Also joining the Hub this year as Marine Decarbonisation Consultant was Dr Carlo Raucci, who moved over to LR from University College London (UCL) where he had previously completed an LR-sponsored PhD on the potential of using hydrogen to decarbonise shipping.
Raucci explains that the Hub is divided into five different workstreams – Policy, Technology, Investment, Safety and Sustainability – all dedicated to “working with other stakeholders to provide new insights into a sustainable energy transition in shipping using safe and commercially viable vessels.” And “at the core of the Hub”, he adds, is the Zero‑Carbon Fuel Monitor.
The framework looks at the different technology, investment and community readiness levels along the length of the supply chain – from the production of fuels, including the resources used, through their transportation, storage and bunkering, to usage on board ships and the propulsion machinery involved. “The entire supply chain is in consideration,” Raucci stresses.
The methodology results in three separate final scores – for TRL, IRL and CRL – for each fuel “We have tried to aggregate as much as possible but producing a single score loses meaning,” he says.
And rather than picking any likely ‘winners’ in terms of alternative fuels, the Decarbonisation Hub has been using the framework to “identify bottlenecks and where more effort is needed to progress the readiness level of a particular fuel.”
Raucci gives the example of ammonia, where “some unknowns with safely handing the fuel onboard ships mean the TRL score is quite low, meaning “if we are able to provide some new insights on these issues we are advancing the TRL readiness level of the fuel as a whole.”
One of the focus of Raucci’s own work is the Investment workstream, and here he observes that the IRL score for most fuels is “very low” for three main reasons.
Firstly, any fuel is going to be much more expensive than current fuel so some sort of policy lead is needed to ‘close the gap”, he believes.
Secondly, the use of technologies such as electrolysis or direct air capture / carbon capture and storage to produce zero carbon fuels is still lacking in “demonstrations of application at a scale than can be used for shipping. So more work is needed, particularly for hydrogen, ammonia and methanol, he says.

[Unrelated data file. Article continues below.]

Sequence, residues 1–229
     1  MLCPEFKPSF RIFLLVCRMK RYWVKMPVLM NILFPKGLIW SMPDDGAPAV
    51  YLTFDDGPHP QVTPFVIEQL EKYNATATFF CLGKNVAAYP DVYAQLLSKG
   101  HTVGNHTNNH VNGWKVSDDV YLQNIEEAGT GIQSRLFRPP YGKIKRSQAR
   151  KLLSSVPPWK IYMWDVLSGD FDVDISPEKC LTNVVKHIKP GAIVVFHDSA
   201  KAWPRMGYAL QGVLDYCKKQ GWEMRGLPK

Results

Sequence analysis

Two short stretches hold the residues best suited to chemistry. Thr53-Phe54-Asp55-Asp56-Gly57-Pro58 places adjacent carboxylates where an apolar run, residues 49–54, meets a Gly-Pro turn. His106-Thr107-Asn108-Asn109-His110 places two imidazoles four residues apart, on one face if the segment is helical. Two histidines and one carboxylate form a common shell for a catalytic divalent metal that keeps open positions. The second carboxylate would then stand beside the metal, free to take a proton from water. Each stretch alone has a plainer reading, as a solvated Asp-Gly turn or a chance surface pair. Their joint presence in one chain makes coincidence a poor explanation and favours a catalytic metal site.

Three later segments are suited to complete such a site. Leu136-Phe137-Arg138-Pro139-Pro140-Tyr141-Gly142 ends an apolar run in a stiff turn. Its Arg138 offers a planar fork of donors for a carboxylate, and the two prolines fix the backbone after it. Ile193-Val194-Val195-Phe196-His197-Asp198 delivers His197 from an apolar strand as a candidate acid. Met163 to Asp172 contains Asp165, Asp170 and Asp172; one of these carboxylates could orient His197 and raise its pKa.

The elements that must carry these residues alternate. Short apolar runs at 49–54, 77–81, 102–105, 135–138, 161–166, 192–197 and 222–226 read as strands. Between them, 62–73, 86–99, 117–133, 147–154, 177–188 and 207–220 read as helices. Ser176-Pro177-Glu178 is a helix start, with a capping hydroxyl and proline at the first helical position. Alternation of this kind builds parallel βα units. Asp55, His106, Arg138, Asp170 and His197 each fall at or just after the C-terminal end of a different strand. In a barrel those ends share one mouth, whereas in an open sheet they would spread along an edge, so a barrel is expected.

And thirdly there is the supply vs. demand problem that new fuels will not be made available until there are ships that can use them, and vice versa.
Of course, ports have a role to play as well in shipping’s decarbonisation effort. Reducing dwell times of ships by advising them well in advance on when they should arrive at berth for fastest turnaround – so-called Port Call Optimisation – is just one solution, with electrification of port equipment and use of solar energy other developments that are increasingly taking place.
Then there is the whole question of them facilitating the bunkering or even production of alternative, low-carbon fuels. Decarbonisation Hub leader Haskell has cited the example of the ports of Antwerp, Zeebrugge and Hamburg all working with industrial partners to establish hydrogen import chains, saying “The next step is to look at the shipping trade between these ports to create ‘green corridors’.
“Ports have the potential to be a catalyst for the shipping industry’s zero-carbon transition”, he added, “but it is a chicken and egg scenario. Ships will need the fuel so the ports will need to supply it, but if the ports are using the fuel for other purposes, then the port infrastructure changes around that fuel.” He gave the example of a port that might be importing hydrogen, perhaps as a result of national decarbonisation policy, that could choose to use the fuel to power its cranes, cargo trolleys and localised shipping like harbour tugs and pilot vessels under its control, and then look at scaling up this supply to support the deep-sea shipping industry.